Lost and Found(ing)

There’s a Rodney Atkins song that makes me laugh every time I hear it.  It starts out “The Declaration of Independence.  ‘Think I could tell you that first sentence, an’ then I’m lost.”  Now, if I had to guess, I’d say he means the part where it says, “we hold these truths to be self-evident, that all men are created equal, that they are endowed by their creator with certain unalienable Rights, that among these are Life, Liberty and the pursuit of Happiness.”

Of course I have to laugh, since the first sentence is a bit longer:  “When in the Course of human events, it becomes necessary for one people to dissolve the political bands which have connected them with another, and to assume among the powers of the earth, the separate and equal station to which the Laws of Nature  and of Nature’s God entitle them, a decent respect to the opinions of mankind requires that they should declare the causes which impel them to the separation.”

The thing is, there is a lot of stuff in the Founding documents that we read or are taught in our civics classes in high school, and then we promptly forget what it said. (I’m remembering something about the phrase “I love to wear Xs too” as a pneumonic to help me remember the protections afforded by the Fifth Amendment.)  I’m one of those folks who looks forward to momentous Supreme Court rulings and finds the latest news about who is marrying or divorcing whom in celebrityville to be entirely disinteresting.  That being said, I don’t remember what wearing Xs has to do with anything.

I believe that the reason we have so little recollection of what our Founding documents say, as well as the ramifications they have on our everyday lives, is that we learned about them before we had any idea what our everyday lives were going to be.  Once we got to our everyday lives, we were so busy with them that we didn’t really have any time to go back and find the connections between life and the Founding.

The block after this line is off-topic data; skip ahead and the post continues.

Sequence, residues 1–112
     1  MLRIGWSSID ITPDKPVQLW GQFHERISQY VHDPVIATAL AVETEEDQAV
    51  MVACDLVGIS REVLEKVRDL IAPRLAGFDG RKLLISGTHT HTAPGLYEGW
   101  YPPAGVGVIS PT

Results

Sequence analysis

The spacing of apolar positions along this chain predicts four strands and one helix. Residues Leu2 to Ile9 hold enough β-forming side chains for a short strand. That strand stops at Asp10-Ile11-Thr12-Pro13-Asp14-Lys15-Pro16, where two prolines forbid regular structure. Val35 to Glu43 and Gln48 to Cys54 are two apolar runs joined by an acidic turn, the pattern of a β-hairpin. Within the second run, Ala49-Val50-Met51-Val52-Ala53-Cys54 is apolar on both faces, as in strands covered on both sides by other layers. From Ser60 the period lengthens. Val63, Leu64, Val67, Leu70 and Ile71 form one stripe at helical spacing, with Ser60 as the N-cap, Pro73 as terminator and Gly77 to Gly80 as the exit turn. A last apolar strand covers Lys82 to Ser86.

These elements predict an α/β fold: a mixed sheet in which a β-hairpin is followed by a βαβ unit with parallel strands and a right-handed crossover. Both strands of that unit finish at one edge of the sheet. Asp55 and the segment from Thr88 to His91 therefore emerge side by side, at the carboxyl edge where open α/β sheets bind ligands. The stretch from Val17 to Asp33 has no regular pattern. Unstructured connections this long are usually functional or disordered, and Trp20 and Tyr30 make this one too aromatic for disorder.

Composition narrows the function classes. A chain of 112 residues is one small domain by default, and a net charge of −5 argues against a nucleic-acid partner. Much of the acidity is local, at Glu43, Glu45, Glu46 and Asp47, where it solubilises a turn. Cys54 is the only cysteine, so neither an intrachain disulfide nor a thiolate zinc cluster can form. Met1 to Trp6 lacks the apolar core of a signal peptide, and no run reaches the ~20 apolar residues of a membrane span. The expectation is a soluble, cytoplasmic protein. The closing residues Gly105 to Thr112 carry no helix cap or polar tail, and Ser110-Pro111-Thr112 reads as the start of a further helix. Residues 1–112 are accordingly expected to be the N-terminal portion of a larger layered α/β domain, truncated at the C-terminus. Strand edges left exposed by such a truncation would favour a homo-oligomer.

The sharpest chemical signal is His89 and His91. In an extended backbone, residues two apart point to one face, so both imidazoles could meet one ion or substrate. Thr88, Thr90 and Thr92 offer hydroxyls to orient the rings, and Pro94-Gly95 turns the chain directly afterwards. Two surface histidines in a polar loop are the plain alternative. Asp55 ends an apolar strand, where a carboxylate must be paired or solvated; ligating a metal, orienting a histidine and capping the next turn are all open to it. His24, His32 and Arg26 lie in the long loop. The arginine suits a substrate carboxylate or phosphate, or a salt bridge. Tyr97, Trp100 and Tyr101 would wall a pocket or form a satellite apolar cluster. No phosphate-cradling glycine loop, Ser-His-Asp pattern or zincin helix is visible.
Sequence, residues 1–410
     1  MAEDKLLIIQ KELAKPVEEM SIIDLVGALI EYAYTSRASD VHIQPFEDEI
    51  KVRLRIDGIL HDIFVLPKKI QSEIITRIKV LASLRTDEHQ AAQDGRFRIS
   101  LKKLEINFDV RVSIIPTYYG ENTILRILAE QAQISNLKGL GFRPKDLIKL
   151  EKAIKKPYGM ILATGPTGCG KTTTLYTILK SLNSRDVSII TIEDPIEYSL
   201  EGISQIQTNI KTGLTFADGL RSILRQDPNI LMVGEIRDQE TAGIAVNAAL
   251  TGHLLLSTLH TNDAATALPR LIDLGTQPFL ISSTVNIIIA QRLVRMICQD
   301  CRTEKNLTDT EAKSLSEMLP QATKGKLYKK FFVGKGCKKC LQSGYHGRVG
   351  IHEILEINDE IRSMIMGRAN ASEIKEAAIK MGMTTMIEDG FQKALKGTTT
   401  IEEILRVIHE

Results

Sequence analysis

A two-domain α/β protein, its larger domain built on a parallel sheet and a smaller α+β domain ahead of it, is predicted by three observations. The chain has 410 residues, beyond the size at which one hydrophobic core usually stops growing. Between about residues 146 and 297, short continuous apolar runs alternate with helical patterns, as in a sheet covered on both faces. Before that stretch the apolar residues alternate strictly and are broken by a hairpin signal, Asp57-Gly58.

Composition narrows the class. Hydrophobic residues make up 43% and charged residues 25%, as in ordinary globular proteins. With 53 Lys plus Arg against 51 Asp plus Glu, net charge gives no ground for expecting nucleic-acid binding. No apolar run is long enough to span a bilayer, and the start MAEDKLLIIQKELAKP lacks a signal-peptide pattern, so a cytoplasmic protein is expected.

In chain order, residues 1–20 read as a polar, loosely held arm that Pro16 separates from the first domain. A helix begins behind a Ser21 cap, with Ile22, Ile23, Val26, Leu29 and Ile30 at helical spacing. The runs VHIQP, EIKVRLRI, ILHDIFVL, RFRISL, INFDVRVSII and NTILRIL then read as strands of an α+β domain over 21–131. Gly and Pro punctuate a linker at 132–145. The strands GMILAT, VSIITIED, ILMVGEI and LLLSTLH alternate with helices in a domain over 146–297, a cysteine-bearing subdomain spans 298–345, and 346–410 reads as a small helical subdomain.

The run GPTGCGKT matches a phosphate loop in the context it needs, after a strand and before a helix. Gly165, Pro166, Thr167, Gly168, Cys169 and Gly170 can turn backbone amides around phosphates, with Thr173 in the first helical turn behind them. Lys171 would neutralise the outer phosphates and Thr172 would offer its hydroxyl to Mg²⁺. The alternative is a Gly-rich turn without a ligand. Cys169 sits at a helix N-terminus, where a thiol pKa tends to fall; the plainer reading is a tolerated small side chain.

That is exactly why I’d like to announce a series on the Founding documents of this country.  I am asking that the authors on this site begin adding to their normal rotation of writing a piece here and there on the impacts of particular parts of the Founding on their chosen career field, area of expertise or life in general.  Not all documents, nor all parts of each document, will receive equal treatment, but they will all be included eventually.  (Somehow I don’t see the Third Amendment as getting a ton of attention, but then it may affect another one of our authors a lot more than it does me.)

This will be a slow-developing series, since it will be interspersed in with the other writings.  (I try to claim I’m not a dictator on this site, or at least that I’m a benevolent one…)  The series will have its own categories, so that you will be able to find the different topics more easily.  While the scope may expand later, for now, we will consider only the Declaration of Independence and the Constitution, including any and all amendments (ratified or not).

With only four active authors so far, we are rather short on expertise in a great number of fields.  As such, I welcome others who would like to add to the conversation to email me.  I would be happy to publish your thoughts about the Founding documents’ effect on your everyday lives.  The dictator in me will still be editing submissions to make sure they are keeping with the overall theme of Rational Conservatism, so please be patient if your submission does not appear immediately.

I look forward to jumping into an interesting experiment with you all.  I can’t wait to see how you perceive the influence of the Founding more than 200 years later.  This should be fun.

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About MBABailey

With a background in Linguistics and Literature, and an MBA in Marketing, I enjoy writing stories that make people buy things related to languages. wait...
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